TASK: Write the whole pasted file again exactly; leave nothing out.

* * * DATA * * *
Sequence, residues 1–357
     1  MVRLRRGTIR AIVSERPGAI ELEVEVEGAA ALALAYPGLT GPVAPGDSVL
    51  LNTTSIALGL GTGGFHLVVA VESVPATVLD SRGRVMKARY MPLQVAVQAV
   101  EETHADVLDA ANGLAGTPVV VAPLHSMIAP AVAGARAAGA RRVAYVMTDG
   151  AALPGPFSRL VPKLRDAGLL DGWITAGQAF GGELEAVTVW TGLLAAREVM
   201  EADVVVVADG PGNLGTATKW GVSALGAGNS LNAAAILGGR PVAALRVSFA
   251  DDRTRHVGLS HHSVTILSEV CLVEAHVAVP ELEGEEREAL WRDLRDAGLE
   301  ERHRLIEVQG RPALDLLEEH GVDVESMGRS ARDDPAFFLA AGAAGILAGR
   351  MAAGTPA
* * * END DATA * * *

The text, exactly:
Sequence, residues 1–357
     1  MVRLRRGTIR AIVSERPGAI ELEVEVEGAA ALALAYPGLT GPVAPGDSVL
    51  LNTTSIALGL GTGGFHLVVA VESVPATVLD SRGRVMKARY MPLQVAVQAV
   101  EETHADVLDA ANGLAGTPVV VAPLHSMIAP AVAGARAAGA RRVAYVMTDG
   151  AALPGPFSRL VPKLRDAGLL DGWITAGQAF GGELEAVTVW TGLLAAREVM
   201  EADVVVVADG PGNLGTATKW GVSALGAGNS LNAAAILGGR PVAALRVSFA
   251  DDRTRHVGLS HHSVTILSEV CLVEAHVAVP ELEGEEREAL WRDLRDAGLE
   301  ERHRLIEVQG RPALDLLEEH GVDVESMGRS ARDDPAFFLA AGAAGILAGR
   351  MAAGTPA